Are Expensive Free Agents Really Worth It?

During this MLB offseason, we have already experienced a multitude of extremely rich free agent signings. Yoenis Cespedes was signed for 4Y 110M, Dexter Fowler 5Y 82M, and the frenzy for relief pitching has led to the two most expensive relief pitcher contracts ever: Aroldis Chapman 5Y 86M, and Kenley Jansen 5Y 80M. With the all-star studded 2019 free agency class just two seasons away, and salaries seemingly growing exponentially, the question remains: Do these signings ever actually pay out?

To answer this question, let’s look at all historical 100M plus contracts signed from 2007-2014.

$100 Million+ Free Agent Signings 2007-2014

Player Contract Length Salary Avg WAR over Contract
Carlos Lee 6 103M 1.5
Daisuke Matsazuka 6 100M 1.4
Barry Zito 7 126M 0.4
Alfonso Soriano 8 136M 1
Alex Rodriguez 10 275M 3.6
CC Sabathia 7 161M 6.1
Mark Texiera 8 180M 3
Matt Holliday 7 120M 3.4
Cliff Lee 5 120M 4.2
Carl Crawford 7 142M 1.2
Jayson Werth 7 126M 2.5
CC Sabathia 5 122M 1.1
Jose Reyes 6 106M 2.2
Prince Fielder 9 214M 2.1
Yu Darvish 6 112M 2
Albert Pujols 10 254M 3.3
Zack Greinke 6 147M 5.8
Josh Hamilton 5 125M 1.1


To answer whether or not signing big money free agents is worth it, we can look at the data from the above table. The cutoff was made at 2014 because it would be too hard to predict the overall efficacy of a contract signed after then. When looking at these numbers, it is important to remember that to the clubs signing at the time, the deals seemed franchise-changing. Finally, a WAR over 3 would generally be considered good, but there are obviously some exceptions (Alex Rodriguez). With all of this said, let’s delve a bit deeper into some of these players.

Carlos Lee was a great player throughout his twenties. He had an OPS+ of 113, and a Slugging of .495. However, he was already 32 years old when he signed with the Astros. His hitting declined, and his base-running got much slower. These regressions effectively turned him from a 3.5 win player, to a 1.4 win player.

Alfonso Soriano is often considered one of the worst free agent signings of all time, and with good reason. He averaged just a 1 WAR over an 8 year contract.

As a World Series Winning Player, Albert Pujols was considered to be an all-time great at the time of his free agency. However, his hitting was on a downward projection. His 2009-2011 OBP was .443, .414, and .366,  respectively; not a good indicator. And this downward projection held true. His 2012–2014 OBP fell to .343, .330, and .324, respectively, and 2012-2014 Slugging fell to .516, .437, and .466, respectively.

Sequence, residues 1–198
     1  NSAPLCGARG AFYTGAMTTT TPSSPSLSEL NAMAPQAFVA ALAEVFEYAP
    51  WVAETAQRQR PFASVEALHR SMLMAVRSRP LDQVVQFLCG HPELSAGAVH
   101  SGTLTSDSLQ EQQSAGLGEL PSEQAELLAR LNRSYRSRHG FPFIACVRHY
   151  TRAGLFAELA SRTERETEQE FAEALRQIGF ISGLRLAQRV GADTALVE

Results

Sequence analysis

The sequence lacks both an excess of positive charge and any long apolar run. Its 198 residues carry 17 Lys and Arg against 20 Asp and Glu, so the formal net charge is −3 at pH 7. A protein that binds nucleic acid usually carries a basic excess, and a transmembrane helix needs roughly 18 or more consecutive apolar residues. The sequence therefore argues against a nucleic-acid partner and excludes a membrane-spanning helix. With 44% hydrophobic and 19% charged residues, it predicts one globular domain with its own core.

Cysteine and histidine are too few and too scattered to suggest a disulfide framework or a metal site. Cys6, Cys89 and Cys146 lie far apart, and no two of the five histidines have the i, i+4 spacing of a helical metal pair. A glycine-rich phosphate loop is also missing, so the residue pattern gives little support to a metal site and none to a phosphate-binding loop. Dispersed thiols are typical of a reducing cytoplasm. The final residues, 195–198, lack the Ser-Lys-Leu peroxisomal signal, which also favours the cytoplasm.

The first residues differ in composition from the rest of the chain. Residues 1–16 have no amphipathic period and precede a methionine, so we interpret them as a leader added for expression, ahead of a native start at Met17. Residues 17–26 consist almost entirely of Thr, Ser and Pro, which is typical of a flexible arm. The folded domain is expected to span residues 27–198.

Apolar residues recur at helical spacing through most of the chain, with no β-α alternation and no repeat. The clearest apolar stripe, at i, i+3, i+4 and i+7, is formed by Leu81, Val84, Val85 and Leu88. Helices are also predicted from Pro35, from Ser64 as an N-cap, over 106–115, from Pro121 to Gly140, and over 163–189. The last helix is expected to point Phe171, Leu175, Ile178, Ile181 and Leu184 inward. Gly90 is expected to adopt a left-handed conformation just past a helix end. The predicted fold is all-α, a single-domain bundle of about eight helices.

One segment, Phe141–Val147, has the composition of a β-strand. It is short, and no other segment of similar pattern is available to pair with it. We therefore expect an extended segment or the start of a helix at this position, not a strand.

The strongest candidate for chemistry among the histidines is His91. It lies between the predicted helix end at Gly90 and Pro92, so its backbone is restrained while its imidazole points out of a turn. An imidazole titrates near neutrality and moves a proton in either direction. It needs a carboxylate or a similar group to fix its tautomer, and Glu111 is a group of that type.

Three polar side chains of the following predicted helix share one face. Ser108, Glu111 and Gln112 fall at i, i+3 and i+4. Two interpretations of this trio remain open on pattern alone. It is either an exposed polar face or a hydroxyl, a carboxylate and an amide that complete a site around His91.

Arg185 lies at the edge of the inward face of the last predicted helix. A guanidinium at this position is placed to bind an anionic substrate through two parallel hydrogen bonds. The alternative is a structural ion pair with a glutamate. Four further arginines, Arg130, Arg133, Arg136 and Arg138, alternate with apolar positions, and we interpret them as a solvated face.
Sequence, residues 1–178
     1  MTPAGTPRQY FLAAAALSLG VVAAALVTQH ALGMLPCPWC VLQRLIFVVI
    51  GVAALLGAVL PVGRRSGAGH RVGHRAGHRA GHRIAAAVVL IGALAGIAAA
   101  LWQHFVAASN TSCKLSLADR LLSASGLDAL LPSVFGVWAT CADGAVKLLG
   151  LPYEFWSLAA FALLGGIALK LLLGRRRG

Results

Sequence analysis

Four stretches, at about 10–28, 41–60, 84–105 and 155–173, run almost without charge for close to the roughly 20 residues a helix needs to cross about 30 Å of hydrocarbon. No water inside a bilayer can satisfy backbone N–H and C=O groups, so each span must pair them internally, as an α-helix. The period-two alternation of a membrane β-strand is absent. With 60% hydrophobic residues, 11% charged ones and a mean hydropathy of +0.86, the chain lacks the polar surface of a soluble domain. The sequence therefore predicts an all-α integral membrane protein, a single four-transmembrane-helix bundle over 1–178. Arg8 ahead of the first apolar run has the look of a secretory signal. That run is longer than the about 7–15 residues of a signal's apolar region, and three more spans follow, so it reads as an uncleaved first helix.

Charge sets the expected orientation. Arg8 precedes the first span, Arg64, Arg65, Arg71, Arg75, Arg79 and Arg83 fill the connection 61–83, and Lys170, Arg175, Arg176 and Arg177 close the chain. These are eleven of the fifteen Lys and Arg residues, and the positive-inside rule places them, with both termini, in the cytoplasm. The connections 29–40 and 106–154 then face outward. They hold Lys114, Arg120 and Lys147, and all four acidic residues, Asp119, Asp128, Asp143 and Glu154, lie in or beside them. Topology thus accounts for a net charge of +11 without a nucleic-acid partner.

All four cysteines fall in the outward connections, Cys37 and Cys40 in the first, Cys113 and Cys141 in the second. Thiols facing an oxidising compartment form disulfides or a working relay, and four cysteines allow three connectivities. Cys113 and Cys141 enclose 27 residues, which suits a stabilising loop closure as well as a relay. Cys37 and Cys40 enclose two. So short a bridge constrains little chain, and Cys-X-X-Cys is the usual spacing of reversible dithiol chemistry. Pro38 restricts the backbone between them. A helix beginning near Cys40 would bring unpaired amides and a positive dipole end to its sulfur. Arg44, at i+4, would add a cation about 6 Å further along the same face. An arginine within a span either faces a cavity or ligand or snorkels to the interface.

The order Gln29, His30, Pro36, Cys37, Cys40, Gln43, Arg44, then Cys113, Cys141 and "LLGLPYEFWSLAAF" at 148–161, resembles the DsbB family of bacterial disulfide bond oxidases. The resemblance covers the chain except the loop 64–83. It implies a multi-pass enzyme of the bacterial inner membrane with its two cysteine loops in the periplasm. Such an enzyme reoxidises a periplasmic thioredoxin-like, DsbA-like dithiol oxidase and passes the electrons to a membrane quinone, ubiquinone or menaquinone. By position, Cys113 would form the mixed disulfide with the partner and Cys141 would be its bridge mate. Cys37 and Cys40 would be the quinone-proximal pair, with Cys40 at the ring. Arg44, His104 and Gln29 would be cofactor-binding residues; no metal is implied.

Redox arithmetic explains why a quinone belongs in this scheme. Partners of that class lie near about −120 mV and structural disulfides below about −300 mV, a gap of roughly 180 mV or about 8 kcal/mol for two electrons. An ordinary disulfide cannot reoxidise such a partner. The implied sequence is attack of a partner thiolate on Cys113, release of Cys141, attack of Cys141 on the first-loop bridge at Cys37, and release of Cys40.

There seems to be a trend in players like Pujols who sign big contracts but decline in performance. First, they are over 30 years old when they sign with a new team, and their skills usually decline rapidly due to aging. Secondly, they often lack athletic ability. When big, lumbering guys sign long contracts, their defensive skills are likely to decline quickly, relegating them to simple DH roles. Third, teams often misinterpret stats. Just as with Pujols, many teams are quick to shrug off declining statistics for a player’s prestige and namesake. Fourth, is signing  contracts that are often longer than five years. Especially when players age past 30, every marginal year is likely to negatively affect their performance at an increasing rate. The longer the contract, the higher the risk of this decline. The final reason is a teams’ willingness to sign a big name at the cost of developing younger players, which causes them to ignore all of these signs. The Pujols signing covers all five of these points.

While you are free to sift through all of the signings on this list, by my metric, only 5/21 of the names here ended up good signings. This level of risk relative to the money being spent is just not worth it. To conclude, we can apply the litmus test created here to Aroldis Chapman.

Age: Chapman will be 29 when the season starts with a 5 year contract. Given the nature of his gameplay as a hard thrower, it is not unrealistic for him to go downhill past 31 or 32.

Athletic Ability: Chapman is a pitcher, so this figure is not as important. However, he can easily be overused, and 10 years of throwing 100+ cannot be too good for your arm.

Misreading Stats: Chapman’s SO/9, ERA+, and H/9 have steadily gotten worse in the past three years.

Contracts Longer than 5 years: His contract is 5 years exactly. However, Chapman is a flame-throwing reliever, meaning there is a lot more risk in 5 years with him than with a position player

Signing for Prestige: Chapman is easily the most famous reliever in baseball today. It would be disingenuous to assume that prestige did not have some part to play in his signing with the Yankees.

By this metric, it seems like Chapman’s signing might not have been the best idea, especially considering the fact that the Yankees are highly unlikely to be World Series contenders for one or two more years. So, what have we learned from all this? Don’t sign expensive free agents.

Daniel Ziarko

Sports Analytics and Business, Indiana University

Source for picture: Getty Images/ Jason Miller

All other stats courtesy of baseballreference.com

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Posted in MLB

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